People I have confronted have confronted me back with my own shame, my own failings, and my own fears. When I learned to listen, two great things happened: I got to confront and clarify my own thinking, and I got to show my friends an example of someone changing and growing because of our friendship. They’ve called me a hypocrite and been right. When I’ve faced that, and seen to my own pain and fear and shame, they’ve given me the chance to change for the better myself.
When you can face your bigoted friend, and thank them for calling you on your bigotry, they may not be that far behind you for long. The project of becoming better people is something we do in community.
None of this is comfortable, and it’s likely to make people angry. I know this not just because of the data, because it made me angry too. Examining my own false beliefs has never been particularly fun, be they about how relationships work, or race, or class, or my own family. But doing this, and the people who helped me do this, gave me a strength that is not fragile, a capacity to love and seek truth that carried me through hell and back.
St Augustine said, “Cum dilectione hominum et odio vitiorum,” translated by Gandhi as: hate the sin and not the sinner. This beautiful phrase has been so often used as a put-down in recent years, but the sentiment it reflects saves worlds. When we’ve held false beliefs, succumbed to addictions, became sick in the mind and hated ourselves or others, the people who held us up did so by loving us and rejecting the lies we were clinging to, all at once.
In the case of my friend weev, I see a tragedy. I believe he is trying to strike out at the people who hurt him, but by propping up the same white supremacy that gave them their power in the first place. What he’s doing supports the very people who ordered violence on him, who took away his freedom, and tortured him. The same power structure that hurt him pays him a wage and gives him an attaboy now, as long as he keeps hurting people, just as he was hurt. The situation of his birth primed him to fall for a trick, and he did. He is falling for a con that’s been working in my country of birth for more than 400 years, and it hurts me to see it working again, still one person at a time, long after its original inventors are dead and dust. Torturing one group and then paying them to be guard labor over an even more tortured group is the first trick in the racism handbook.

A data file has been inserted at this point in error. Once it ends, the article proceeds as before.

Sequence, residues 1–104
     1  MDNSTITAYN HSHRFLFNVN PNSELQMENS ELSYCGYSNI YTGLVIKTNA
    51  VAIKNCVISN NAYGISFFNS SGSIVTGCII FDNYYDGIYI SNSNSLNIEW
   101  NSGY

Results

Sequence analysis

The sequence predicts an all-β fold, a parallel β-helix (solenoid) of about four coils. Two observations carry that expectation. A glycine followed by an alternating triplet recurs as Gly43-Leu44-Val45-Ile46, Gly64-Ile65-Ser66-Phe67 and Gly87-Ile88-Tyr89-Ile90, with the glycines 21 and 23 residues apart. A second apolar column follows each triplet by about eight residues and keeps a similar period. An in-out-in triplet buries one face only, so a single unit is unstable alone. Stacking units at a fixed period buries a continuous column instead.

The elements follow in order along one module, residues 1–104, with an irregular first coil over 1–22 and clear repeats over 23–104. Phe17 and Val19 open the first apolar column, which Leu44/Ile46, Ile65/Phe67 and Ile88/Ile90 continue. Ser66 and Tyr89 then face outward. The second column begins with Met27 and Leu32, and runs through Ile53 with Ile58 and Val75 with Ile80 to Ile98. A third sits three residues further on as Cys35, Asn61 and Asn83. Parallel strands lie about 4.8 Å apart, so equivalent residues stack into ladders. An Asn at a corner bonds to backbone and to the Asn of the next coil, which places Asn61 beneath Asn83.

It’s an effective lie, with its own life, and it’s hurting billions of people right now. But it is a lie. This false belief not only hurts the victims of racism, it hurts the people who hold the belief as well, robbing all of us of a future. It’s an angry and broken world that doesn’t realize there’s no point to the things we were taught to hate for. This idea keeps us fighting over scraps on a planet full of stunning abundance. I have sat with this thing all my life, and I have found it empty, hungry, and meaningless.
I have no need or desire to bring more hate and anger into this world. What’s more, I have science that can help me develop techniques to diminish the anger and hate that’s here now. Science, like all forms of truth, is a form of love.
We live for barely any time in the one tiny bit of the universe where we’ve found life. There’s no great other and opposite side in our fights, there’s only entropy, waiting to swallow everything we know back up into the chaos of the unaware and unfeeling universe. That we waste even a moment of our brief time hating each other is madness. But we do, and it’s a madness we have to deal with. Stop hating people, there’s no time for it, no possible rhyme or reason to it. Fight people’s false beliefs about the world, because they threaten not only to kill us, but also to make our extraordinary existence trivial and rob the meaning from our lives.
When we sit with our white supremacists and our addicts and abusers, we sit with our own flaws. If it weren’t so then they wouldn’t be any scarier than the open sky, or gravity, or a gun on the table, or getting old. The flaws that make us so angry are the ones that seem so close to eating us, an anger that feeds on us and turns us, like vampiracism for violence. We are not afraid of the other when we look at broken people, we are afraid of looking at ourselves and seeing the other, and then tearing ourselves apart.
Patriarchy, genders, whiteness and blackness were born as the abused children to first aristocracy, and then colonialism. They were set to fight for centuries. This is our legacy. My life, my existence and circumstance, is the product of genocide and rape, and most likely, so is yours. We all came from victims and aggressors, from slaves and slave masters going back thousands of years. Humans have been marking time in blood very possibly from the decline of all the other hominids. Now we have smart phones and social media and regularly look at ourselves from space. We watch movies about superhero powers and fractured families, and I think it’s no mistake. This is the myth of the truth of the moment — that we are powerful beyond our own understanding, and broken and angry within our dysfunctional family.
Proceed with truth and love.